We quickly learned that even more of Mandalay was shut down for the water festival than Yangon. We couldn’t find a taxi, a restaurant or even a grocery store. We hate to admit it, but most of our daytime hours in Mandalay were spent in our hotel room hiding from the festival that was quickly getting old. (Or maybe it’s just us that are getting old!) We had heard that after 6:30PM there was a reprieve from the water, so we got a recommendation on a restaurant that opened late and walked over. It turns out that not all the locals had heard about the party ending at 6:30, and we still got pretty wet on our way over but the food was great, the array of complementary side dishes were continuously refilled, and every table came with a tub of caramel flavored antacids to help you through the rest of your evening.
After dinner we tried to keep to the side streets where we’d be able to go a little farther between soakings and got to see the moon rise over the palace moat. We then went out to see “The Mustache Brothers,” a show known for decades for its cutting edge, anti-government humor, which is a rare find in one of the world’s most insular dictatorships. It seems only one of the brothers are left since one died from lead poisoning after years in a work camp. Apparently, this is not an uncommon way to die there. He was jailed for years after a joke about the government that would barely raise eyebrows in the US. The remaining brother has been allowed to continue doing his show as long as it is only performed for tourists. The show is a mix of traditional dance and song and really weak anti-government jokes. After the show, at around 10:30PM we found a few more people who missed the memo about when the water festival ended for the day before heading home to bed.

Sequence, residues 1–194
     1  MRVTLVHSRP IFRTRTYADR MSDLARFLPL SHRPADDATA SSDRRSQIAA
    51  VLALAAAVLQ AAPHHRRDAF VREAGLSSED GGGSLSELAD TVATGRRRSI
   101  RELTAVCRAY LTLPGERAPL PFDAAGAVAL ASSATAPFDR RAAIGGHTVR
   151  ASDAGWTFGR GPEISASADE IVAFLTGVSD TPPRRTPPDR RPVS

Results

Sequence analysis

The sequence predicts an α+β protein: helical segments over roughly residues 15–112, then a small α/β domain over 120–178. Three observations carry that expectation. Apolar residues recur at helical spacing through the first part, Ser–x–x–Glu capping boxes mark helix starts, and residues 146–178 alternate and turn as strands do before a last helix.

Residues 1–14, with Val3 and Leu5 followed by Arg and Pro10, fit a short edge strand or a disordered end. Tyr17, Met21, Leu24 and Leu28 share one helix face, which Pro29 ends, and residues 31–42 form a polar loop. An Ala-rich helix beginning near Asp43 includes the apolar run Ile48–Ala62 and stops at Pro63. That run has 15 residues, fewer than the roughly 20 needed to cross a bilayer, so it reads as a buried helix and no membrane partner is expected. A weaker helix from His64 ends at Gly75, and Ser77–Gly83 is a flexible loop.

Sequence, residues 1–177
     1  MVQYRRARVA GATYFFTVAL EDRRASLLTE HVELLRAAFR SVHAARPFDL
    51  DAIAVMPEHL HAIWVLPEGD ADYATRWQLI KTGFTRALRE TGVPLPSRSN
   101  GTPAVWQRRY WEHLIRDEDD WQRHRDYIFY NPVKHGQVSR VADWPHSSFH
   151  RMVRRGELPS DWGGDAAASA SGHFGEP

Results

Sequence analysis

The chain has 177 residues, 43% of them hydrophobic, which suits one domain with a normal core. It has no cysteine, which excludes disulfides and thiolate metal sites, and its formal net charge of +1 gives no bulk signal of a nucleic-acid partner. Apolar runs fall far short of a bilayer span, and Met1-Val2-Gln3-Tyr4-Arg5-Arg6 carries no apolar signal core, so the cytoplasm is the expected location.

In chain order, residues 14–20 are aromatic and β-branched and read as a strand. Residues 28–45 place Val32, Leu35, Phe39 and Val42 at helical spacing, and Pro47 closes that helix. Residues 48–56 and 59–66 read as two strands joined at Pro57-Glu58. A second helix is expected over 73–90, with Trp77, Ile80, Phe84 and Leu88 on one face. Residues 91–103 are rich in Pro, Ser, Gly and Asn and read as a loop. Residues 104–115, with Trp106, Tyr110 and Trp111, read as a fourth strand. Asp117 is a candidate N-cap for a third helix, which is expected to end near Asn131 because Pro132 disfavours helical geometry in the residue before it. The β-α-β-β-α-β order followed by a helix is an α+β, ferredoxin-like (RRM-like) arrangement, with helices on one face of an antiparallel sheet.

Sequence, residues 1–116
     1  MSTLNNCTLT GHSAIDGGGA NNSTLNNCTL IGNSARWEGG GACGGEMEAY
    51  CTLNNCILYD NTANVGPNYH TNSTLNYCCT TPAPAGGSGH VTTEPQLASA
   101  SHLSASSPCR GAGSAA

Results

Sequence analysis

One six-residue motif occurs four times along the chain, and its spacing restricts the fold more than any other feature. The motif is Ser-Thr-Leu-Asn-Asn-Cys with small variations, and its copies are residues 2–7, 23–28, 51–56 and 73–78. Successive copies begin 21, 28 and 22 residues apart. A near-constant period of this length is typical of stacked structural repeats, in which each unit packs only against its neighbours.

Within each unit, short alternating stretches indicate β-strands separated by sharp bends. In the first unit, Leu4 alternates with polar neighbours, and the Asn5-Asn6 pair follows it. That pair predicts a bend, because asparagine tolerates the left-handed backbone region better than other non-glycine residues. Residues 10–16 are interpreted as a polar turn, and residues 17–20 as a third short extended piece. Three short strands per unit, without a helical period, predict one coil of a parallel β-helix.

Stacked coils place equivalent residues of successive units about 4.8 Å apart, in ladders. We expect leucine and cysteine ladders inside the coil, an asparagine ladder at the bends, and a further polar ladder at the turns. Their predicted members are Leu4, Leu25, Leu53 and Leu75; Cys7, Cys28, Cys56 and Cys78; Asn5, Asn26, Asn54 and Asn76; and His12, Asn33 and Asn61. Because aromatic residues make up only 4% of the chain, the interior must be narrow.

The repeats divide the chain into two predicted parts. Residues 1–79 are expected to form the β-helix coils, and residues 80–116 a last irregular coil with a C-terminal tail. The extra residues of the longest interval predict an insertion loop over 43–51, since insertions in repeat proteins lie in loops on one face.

Our next stop was Nyaungshwe a small town just north of Inle Lake. Inle is a beautiful shallow lake with mountains rising up on each side. The local fishermen have a unique style of paddling. While standing on one foot on the bow of the boat, they paddle with the other foot, leaving their hands free for their equally unique style of fishing. They lower a large conical basket to the bottom of the lake then poke the ground with a spear to scare the fish into the side of the basket where they then loosen a net for the fish to get tangled in. Other fishermen set up net “walls” then smack their paddles into the water to scare the fish into the nets.
We took a boat tour around the lake and saw locals making cheroots, a local type of cigar. They roll a tight tube of corn husk and newspaper and use that as a form to roll the cheroot wrapper. Then they stuff it with a mix of tobacco, fruit, spices and other flavorings. They fold over one end and cut off the other leaving a plug of newspaper and husk to act as a filter. We also saw blacksmiths hammering out sturdy looking knives, machetes and other tools. There were a couple temples on the lake, a market, a pottery shop, etc.